Building A New Tower

Dear Diary:

It is half-past six and I am sprint-walking down Seventh Avenue. I dash madly across it onto Bleecker, through a rivulet of Citi Bikes decorated with sluggish models and helmeted Midtown suits. Once across (unscathed!), my momentum is interrupted by the syrupy meander of a young couple, obviously from out of town. I am nearly angry until I catch their conversation: the boy is pointing at 1 World Trade Center.

“Surely you recognize that building?”

The girl shakes her head.

The boy says: “1 World Trade Center, nearly complete!”

To which the girl replies: “They built a new one?”

Where has she been for the past decade, I wonder, laughing.

I glance down Seventh Avenue: the traffic has picked up again, barreling south, and the daylight is by now leaping into the Hudson. The tower glistens against the gathering evening. I have stopped laughing.

Yes. We built a new one.

New York Times – Building a New Tower


I am fortunate enough to have a wife that lets me indulge in – and even supports – my interests and habits. A few years ago she bought me a red Wishbone Chair and it has been one of my favorite things we own. I’m amazed at the longevity of this chair. It is a staple of classic Scandinavian design, but more than 50 years later it still has relevance in regards to not only its design – a standard of organic functionalism – but the continual craftsmanship that goes into each chair.

In 1944 Danish designer Hans J. Weg­ner began a series of chairs inspired by a portrait of Danish merchants sitting in traditional Ming chairs. The Wishbone Chair was the last in the series of “China Chairs.” The inspiration is clearly visible, but the chair remains an original and distinctively Scandinavian form. The Wishbone chair was the first collaboration between Wegner and furniture maker Carl Hansen & Søn, and has been continuously in production by Hansen since 1950.

Design Milk got a behind-the-scenes look at how the chair is made. Taking video and photos of the process, they show the quality and the craftsmanship that goes into each chair. The chair is still hand-made over the course of 3 weeks and requires 100 separate processes to assemble the 14 parts.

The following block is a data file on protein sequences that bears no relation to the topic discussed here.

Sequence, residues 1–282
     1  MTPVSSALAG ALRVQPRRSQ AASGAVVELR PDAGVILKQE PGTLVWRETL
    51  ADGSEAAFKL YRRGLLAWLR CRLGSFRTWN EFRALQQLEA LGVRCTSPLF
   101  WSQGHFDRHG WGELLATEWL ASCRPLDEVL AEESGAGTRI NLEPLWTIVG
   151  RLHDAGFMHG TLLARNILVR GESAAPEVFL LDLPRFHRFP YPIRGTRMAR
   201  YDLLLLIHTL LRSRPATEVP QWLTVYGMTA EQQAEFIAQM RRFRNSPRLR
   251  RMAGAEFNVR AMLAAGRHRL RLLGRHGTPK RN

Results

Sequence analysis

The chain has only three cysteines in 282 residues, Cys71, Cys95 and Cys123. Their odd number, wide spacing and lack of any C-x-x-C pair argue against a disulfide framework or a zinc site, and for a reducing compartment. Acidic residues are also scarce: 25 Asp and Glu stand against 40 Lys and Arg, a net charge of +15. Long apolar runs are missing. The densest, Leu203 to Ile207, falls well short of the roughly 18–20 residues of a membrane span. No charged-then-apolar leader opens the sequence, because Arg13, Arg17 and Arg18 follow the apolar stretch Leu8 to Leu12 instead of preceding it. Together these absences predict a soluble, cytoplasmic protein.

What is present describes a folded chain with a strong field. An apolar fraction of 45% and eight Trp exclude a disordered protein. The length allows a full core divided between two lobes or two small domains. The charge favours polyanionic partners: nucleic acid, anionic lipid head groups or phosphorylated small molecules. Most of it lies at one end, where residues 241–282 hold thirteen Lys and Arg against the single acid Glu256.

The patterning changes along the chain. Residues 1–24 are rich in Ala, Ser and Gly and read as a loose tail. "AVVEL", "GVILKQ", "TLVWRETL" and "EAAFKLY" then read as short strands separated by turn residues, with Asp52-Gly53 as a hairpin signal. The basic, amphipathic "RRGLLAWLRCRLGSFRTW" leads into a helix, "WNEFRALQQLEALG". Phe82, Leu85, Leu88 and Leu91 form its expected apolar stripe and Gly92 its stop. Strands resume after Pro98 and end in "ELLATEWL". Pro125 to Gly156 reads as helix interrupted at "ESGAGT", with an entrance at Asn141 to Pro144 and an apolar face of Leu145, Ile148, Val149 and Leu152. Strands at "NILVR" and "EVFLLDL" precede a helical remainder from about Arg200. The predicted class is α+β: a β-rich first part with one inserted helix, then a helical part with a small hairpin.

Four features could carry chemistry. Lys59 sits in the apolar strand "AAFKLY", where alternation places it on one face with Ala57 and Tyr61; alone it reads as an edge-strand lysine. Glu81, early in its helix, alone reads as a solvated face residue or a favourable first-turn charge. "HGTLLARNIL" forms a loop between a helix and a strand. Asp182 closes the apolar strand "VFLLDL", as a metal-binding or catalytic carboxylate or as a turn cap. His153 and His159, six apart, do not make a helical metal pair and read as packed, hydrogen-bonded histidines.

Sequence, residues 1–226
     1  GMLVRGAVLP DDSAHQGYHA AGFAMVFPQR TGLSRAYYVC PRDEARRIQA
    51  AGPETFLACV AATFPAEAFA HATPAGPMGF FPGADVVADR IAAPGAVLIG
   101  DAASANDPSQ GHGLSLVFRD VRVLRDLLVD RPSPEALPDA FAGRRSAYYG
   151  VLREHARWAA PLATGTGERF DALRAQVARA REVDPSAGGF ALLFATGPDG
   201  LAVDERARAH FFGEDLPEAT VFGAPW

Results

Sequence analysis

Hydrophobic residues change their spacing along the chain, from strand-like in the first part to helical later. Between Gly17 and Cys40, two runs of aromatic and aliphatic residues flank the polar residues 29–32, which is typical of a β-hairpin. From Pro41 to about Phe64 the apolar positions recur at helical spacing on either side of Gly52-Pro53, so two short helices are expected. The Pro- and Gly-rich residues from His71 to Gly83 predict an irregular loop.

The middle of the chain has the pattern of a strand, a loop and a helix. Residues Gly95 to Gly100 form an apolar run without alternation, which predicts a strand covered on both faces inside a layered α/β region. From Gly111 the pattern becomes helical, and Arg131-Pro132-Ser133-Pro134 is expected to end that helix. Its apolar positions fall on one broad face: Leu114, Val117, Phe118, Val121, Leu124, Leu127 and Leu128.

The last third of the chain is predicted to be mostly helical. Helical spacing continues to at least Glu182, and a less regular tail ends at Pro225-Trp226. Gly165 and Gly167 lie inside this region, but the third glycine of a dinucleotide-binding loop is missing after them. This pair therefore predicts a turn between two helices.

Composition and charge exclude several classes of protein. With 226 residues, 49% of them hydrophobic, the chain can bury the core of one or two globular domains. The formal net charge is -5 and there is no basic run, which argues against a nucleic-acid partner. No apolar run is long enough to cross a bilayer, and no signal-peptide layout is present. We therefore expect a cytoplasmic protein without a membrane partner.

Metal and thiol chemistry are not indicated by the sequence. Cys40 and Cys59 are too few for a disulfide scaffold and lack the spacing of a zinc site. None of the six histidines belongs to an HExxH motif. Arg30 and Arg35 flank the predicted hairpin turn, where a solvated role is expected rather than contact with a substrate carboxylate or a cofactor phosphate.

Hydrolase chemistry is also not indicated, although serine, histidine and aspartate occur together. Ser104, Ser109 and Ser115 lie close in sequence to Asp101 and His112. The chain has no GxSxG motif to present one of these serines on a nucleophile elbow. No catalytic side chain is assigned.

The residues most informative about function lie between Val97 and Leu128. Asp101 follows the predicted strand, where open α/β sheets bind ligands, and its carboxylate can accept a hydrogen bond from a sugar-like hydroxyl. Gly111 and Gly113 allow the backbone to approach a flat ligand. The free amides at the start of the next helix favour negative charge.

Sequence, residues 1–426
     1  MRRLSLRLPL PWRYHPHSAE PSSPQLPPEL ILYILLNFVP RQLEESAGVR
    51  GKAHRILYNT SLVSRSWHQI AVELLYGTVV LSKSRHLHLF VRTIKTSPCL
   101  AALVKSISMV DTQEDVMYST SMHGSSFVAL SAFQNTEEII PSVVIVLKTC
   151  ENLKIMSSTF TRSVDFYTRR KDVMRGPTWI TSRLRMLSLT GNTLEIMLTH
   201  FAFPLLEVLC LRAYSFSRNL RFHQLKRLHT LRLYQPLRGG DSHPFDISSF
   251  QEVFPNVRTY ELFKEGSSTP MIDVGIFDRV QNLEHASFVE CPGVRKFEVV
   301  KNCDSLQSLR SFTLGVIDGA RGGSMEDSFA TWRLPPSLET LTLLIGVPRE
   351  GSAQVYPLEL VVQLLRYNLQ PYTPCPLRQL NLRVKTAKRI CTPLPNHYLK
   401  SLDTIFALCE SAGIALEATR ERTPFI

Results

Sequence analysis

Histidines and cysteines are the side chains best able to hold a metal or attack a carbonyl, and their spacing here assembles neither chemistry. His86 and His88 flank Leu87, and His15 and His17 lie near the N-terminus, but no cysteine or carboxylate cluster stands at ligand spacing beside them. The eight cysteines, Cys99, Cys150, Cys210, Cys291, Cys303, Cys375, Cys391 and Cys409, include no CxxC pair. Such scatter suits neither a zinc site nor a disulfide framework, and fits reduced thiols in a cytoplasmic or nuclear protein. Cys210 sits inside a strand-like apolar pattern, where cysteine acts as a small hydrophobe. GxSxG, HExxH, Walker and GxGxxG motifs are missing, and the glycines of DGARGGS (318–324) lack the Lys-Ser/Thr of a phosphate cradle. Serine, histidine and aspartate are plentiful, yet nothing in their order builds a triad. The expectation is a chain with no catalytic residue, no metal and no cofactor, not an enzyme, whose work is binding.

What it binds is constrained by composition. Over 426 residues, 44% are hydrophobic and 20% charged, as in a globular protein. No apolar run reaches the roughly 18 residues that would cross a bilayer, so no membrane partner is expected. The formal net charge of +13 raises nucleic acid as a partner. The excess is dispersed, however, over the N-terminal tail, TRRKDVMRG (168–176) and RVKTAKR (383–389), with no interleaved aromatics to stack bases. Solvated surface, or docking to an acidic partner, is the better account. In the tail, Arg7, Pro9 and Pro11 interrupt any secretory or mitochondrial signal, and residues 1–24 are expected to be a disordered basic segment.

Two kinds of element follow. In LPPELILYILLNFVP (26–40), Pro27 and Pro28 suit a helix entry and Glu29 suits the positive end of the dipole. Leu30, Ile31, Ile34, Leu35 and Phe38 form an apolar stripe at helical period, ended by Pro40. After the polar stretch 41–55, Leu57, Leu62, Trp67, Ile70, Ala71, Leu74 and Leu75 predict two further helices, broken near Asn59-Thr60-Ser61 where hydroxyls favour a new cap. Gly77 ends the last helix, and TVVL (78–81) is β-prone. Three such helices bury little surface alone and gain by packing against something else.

Wishbone Video

Now, if I could only convince her that we need a full dining set.

Simple Pairings

Every Wednesday, Katchkie Farms (a community-supported agriculture farm run from a 60-acre organic farm in Kinderhook, N.Y.) delivers our office CSA group a range of fresh produce. Tomatoes, basil, kale, scallions, cucumbers, and some crazy kohlrabi.

Channing and I have been using this as a way to simplify our diets. A less intensive effort and more raw natural ingredients basically gives us more time for dinner on the terrace. The best is when pieces of our meals are simple and only require two ingredients. We’ve been stealing that idea from a series of articles we saw in Fantastic Man (good magazine layout, decent articles, ridiculous title) about simple pairings. A few of my favorites:

Watermelon and Sea Salt. I’m always surprised when people have never heard of this. Sea salt adds a perfect balance to the sweetness of a ripe watermelon.

Cut up cucumber slices or soldiers for dipping into honey. The water from the cucumber does wonders at creating a simple syrup from the honey.

Tomato and mint are a summer version on our basil routine. Cut tomatoes, mint, plus olive oil and lemon zest and you’ve got a good salad going.

Strawberries and black pepper. Hesitant to try this at first, if only because why mess with a strawberry? But crushed black pepper adds a subtle warmth to the berries.

Watermellon and Salt

Fantastic Man - Cucumber and Honey

Fantastic Man - Tomato and Mint

Fantastic Man - Strawberries and Pepper

Side note: Why do a workplace CSA? It has been a much easier way for us to keep eating healthy despite our workload. Every Wednesday, we gather in the office kitchen for 10-15 minutes and pick up “groceries.” It’s nice being able to eat fresh, in season, organic produce from a local farm delivered directly to me. And…low carbon footprint to our food supply, healthy food, supporting local business and encouraging their growth. The limitations of in-season, delivered produce have also forced our creativity in the kitchen. How many ways can I cook kale? And, I didn’t end up taking it home with me, but I had never heard of kohlrabi before.